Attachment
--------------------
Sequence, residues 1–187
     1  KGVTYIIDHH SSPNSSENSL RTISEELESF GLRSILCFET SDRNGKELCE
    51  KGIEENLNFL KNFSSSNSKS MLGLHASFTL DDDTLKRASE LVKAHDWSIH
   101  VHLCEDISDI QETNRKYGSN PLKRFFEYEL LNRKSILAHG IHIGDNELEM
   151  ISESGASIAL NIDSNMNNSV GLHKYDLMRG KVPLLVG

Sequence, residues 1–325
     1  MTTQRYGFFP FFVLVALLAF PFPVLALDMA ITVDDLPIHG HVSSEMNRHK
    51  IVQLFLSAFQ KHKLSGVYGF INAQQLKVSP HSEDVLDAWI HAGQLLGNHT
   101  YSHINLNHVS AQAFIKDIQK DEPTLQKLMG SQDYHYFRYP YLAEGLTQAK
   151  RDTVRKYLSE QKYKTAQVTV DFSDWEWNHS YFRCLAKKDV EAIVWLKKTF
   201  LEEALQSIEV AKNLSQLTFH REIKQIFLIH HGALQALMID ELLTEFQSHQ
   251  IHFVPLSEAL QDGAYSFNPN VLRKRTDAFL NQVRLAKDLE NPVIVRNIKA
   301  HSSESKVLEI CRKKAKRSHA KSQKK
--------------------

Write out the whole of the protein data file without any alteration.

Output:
Sequence, residues 1–187
     1  KGVTYIIDHH SSPNSSENSL RTISEELESF GLRSILCFET SDRNGKELCE
    51  KGIEENLNFL KNFSSSNSKS MLGLHASFTL DDDTLKRASE LVKAHDWSIH
   101  VHLCEDISDI QETNRKYGSN PLKRFFEYEL LNRKSILAHG IHIGDNELEM
   151  ISESGASIAL NIDSNMNNSV GLHKYDLMRG KVPLLVG

Sequence, residues 1–325
     1  MTTQRYGFFP FFVLVALLAF PFPVLALDMA ITVDDLPIHG HVSSEMNRHK
    51  IVQLFLSAFQ KHKLSGVYGF INAQQLKVSP HSEDVLDAWI HAGQLLGNHT
   101  YSHINLNHVS AQAFIKDIQK DEPTLQKLMG SQDYHYFRYP YLAEGLTQAK
   151  RDTVRKYLSE QKYKTAQVTV DFSDWEWNHS YFRCLAKKDV EAIVWLKKTF
   201  LEEALQSIEV AKNLSQLTFH REIKQIFLIH HGALQALMID ELLTEFQSHQ
   251  IHFVPLSEAL QDGAYSFNPN VLRKRTDAFL NQVRLAKDLE NPVIVRNIKA
   301  HSSESKVLEI CRKKAKRSHA KSQKK